Going Blind: The Coming Satellite Crisis |
For many of us, inaccurate forecasts do little more than ruin a picnic or sully a recently washed car. We’re lucky. Weather is a sideshow to our daily lives. For others, though, advance knowledge of the weather directly affects their livelihoods, from farmers to construction workers to airline pilots. But there are times when weather affects us all, especially instances of severe weather like Hurricane Sandy. There, accurate forecasts can save lives, and those forecasts rely heavily on satellite data.
Unfortunately, in just a few years, part of our weather satellite system that is vital to forecasts will very likely go blind.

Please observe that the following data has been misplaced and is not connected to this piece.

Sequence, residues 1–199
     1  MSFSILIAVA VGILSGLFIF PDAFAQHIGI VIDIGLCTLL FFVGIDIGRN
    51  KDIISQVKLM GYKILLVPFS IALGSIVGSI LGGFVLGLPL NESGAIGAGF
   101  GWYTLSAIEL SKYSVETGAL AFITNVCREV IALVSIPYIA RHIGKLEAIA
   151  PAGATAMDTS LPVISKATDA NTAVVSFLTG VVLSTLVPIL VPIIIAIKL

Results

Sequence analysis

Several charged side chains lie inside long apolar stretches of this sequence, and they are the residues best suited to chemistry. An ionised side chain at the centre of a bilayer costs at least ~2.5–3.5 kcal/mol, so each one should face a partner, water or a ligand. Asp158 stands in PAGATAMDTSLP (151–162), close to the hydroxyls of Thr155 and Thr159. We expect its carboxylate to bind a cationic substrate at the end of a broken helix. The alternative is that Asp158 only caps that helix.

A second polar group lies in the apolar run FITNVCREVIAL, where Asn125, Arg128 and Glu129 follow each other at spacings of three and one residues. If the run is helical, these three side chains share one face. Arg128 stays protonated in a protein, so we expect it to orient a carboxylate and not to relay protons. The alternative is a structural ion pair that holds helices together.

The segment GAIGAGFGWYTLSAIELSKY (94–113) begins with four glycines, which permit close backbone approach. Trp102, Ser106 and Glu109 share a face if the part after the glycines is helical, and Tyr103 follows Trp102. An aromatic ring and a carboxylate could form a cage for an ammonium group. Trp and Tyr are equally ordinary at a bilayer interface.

Berrien Moore, director of the National Weather Center, and many other experts who spoke with me cite Sandy as a prime example of how vital satellite data has become in weather forecasting and how terrible it would be if we lost any part of it. Typically, hurricanes that make their way up the East Coast end up veering back out to sea. But Sandy didn’t, and thanks to a European weather model that deeply incorporated satellite data, forecasters were able to predict its sudden turn west into the coast. continue reading